“QDRO review fees do not apply to every account. IRAs and government plans do not charge review fees,” noted Jessica Markham, a divorce lawyer at Markham Law Firm in Bethesda, Md. “Only some employer-sponsored plan charge review fees.”
The best way to avoid these fees is to know about them in advance, Markham explained.
“Often, the divorcing couple is equalizing many plans and distribution can be taken from a plan that does not charge such fees,” she said. “Alternatively, some plans charge lesser or no fees if you use their model QDRO. For example, some Fidelity-managed, employee-sponsored plans charge $300 to use their online automated system in, and up to $1200 if you deviate from their system.”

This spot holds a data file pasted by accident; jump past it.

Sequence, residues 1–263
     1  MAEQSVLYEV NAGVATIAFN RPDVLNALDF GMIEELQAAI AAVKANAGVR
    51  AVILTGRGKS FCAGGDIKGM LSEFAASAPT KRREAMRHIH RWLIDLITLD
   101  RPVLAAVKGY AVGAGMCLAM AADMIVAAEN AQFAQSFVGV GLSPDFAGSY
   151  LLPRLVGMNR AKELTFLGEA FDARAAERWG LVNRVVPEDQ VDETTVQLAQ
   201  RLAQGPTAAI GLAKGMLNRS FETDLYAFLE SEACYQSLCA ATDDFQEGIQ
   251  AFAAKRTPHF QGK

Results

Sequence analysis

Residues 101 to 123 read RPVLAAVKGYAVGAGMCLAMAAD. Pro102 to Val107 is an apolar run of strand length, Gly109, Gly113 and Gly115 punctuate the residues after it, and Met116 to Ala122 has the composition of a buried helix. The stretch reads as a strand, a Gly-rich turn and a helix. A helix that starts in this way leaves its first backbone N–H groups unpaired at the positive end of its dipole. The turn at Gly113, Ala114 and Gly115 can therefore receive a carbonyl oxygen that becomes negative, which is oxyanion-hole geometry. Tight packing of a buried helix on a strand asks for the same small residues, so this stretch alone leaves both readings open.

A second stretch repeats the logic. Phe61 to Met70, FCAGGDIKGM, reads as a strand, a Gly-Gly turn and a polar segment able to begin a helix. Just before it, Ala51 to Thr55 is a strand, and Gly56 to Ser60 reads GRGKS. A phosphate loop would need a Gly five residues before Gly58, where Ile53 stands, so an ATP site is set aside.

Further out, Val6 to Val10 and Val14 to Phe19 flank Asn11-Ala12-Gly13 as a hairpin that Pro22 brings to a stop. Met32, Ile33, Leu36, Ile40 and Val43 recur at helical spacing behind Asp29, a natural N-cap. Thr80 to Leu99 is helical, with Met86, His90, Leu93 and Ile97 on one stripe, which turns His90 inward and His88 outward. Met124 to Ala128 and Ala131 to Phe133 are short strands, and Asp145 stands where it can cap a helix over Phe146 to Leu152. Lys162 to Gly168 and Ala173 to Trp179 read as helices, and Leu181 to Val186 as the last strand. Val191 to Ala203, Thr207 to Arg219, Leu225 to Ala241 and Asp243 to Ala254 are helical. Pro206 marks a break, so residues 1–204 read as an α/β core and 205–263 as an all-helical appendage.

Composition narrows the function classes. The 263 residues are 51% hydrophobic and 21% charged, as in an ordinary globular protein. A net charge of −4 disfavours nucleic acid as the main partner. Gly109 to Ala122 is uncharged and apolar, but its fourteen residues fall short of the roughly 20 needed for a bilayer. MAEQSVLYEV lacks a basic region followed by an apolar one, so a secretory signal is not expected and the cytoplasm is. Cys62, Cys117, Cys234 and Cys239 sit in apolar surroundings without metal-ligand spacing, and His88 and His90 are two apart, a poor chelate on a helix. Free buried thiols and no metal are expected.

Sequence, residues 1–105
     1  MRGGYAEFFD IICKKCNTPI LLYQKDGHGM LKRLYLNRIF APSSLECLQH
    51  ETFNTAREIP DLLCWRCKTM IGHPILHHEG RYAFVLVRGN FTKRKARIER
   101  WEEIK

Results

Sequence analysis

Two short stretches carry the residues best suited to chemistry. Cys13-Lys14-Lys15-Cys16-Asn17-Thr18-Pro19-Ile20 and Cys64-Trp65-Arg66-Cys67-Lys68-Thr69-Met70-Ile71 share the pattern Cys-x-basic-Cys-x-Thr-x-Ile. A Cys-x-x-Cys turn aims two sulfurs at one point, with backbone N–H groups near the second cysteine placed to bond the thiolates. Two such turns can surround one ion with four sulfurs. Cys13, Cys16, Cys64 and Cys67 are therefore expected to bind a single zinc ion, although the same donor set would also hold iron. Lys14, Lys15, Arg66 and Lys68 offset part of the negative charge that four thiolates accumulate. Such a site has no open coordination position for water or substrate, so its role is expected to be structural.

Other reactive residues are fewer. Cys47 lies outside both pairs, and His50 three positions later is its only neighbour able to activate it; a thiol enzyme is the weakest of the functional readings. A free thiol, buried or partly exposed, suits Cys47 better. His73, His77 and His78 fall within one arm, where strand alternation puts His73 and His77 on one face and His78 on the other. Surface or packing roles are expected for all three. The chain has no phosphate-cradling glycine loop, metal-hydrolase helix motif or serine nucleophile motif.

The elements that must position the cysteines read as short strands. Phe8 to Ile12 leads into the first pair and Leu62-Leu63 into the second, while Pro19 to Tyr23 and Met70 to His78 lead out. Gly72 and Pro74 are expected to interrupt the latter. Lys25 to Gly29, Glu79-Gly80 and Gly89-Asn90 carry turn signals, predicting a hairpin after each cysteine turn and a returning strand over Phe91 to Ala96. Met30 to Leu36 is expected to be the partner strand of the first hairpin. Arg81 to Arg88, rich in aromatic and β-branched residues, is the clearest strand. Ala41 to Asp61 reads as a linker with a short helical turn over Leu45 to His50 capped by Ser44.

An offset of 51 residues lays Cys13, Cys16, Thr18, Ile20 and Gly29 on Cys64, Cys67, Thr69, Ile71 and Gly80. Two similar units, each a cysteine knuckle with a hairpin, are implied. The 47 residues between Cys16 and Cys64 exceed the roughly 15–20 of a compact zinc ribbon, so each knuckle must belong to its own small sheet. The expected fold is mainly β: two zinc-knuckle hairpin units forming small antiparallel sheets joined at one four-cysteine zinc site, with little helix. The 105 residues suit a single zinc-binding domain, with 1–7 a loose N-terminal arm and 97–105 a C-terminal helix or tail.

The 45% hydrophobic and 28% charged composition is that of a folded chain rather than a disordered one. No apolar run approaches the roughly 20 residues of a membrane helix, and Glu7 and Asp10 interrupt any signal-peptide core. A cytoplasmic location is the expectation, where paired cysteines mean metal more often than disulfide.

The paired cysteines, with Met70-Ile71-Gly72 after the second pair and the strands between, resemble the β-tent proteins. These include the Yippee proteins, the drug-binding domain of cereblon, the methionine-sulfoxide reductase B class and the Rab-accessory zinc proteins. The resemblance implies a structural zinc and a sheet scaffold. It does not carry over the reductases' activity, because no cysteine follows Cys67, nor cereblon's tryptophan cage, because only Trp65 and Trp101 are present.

Most attorneys that are preparing divorce agreement and QDROs don’t find out about these charges in advance which leads to problems later, when the financial advisor figures out his or her client is taking a potential $1,200 hit.
Markham has one way to deal with a high QDRO fee: “You can negotiate which spouse pays the fee.”